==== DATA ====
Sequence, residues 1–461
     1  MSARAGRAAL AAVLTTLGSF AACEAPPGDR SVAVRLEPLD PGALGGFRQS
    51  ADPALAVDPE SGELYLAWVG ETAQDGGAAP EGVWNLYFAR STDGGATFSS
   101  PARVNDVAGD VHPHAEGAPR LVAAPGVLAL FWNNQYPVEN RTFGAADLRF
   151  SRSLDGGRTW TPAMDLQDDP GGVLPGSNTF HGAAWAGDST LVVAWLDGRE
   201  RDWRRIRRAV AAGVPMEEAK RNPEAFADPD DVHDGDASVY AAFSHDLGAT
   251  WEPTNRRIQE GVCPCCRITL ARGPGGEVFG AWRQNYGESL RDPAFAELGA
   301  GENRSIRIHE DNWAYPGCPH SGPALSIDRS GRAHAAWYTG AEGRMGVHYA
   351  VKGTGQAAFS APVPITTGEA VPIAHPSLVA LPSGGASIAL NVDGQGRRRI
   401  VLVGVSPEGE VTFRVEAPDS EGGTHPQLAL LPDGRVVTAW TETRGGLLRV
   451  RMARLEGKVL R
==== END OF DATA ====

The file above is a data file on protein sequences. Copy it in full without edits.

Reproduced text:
Sequence, residues 1–461
     1  MSARAGRAAL AAVLTTLGSF AACEAPPGDR SVAVRLEPLD PGALGGFRQS
    51  ADPALAVDPE SGELYLAWVG ETAQDGGAAP EGVWNLYFAR STDGGATFSS
   101  PARVNDVAGD VHPHAEGAPR LVAAPGVLAL FWNNQYPVEN RTFGAADLRF
   151  SRSLDGGRTW TPAMDLQDDP GGVLPGSNTF HGAAWAGDST LVVAWLDGRE
   201  RDWRRIRRAV AAGVPMEEAK RNPEAFADPD DVHDGDASVY AAFSHDLGAT
   251  WEPTNRRIQE GVCPCCRITL ARGPGGEVFG AWRQNYGESL RDPAFAELGA
   301  GENRSIRIHE DNWAYPGCPH SGPALSIDRS GRAHAAWYTG AEGRMGVHYA
   351  VKGTGQAAFS APVPITTGEA VPIAHPSLVA LPSGGASIAL NVDGQGRRRI
   401  VLVGVSPEGE VTFRVEAPDS EGGTHPQLAL LPDGRVVTAW TETRGGLLRV
   451  RMARLEGKVL R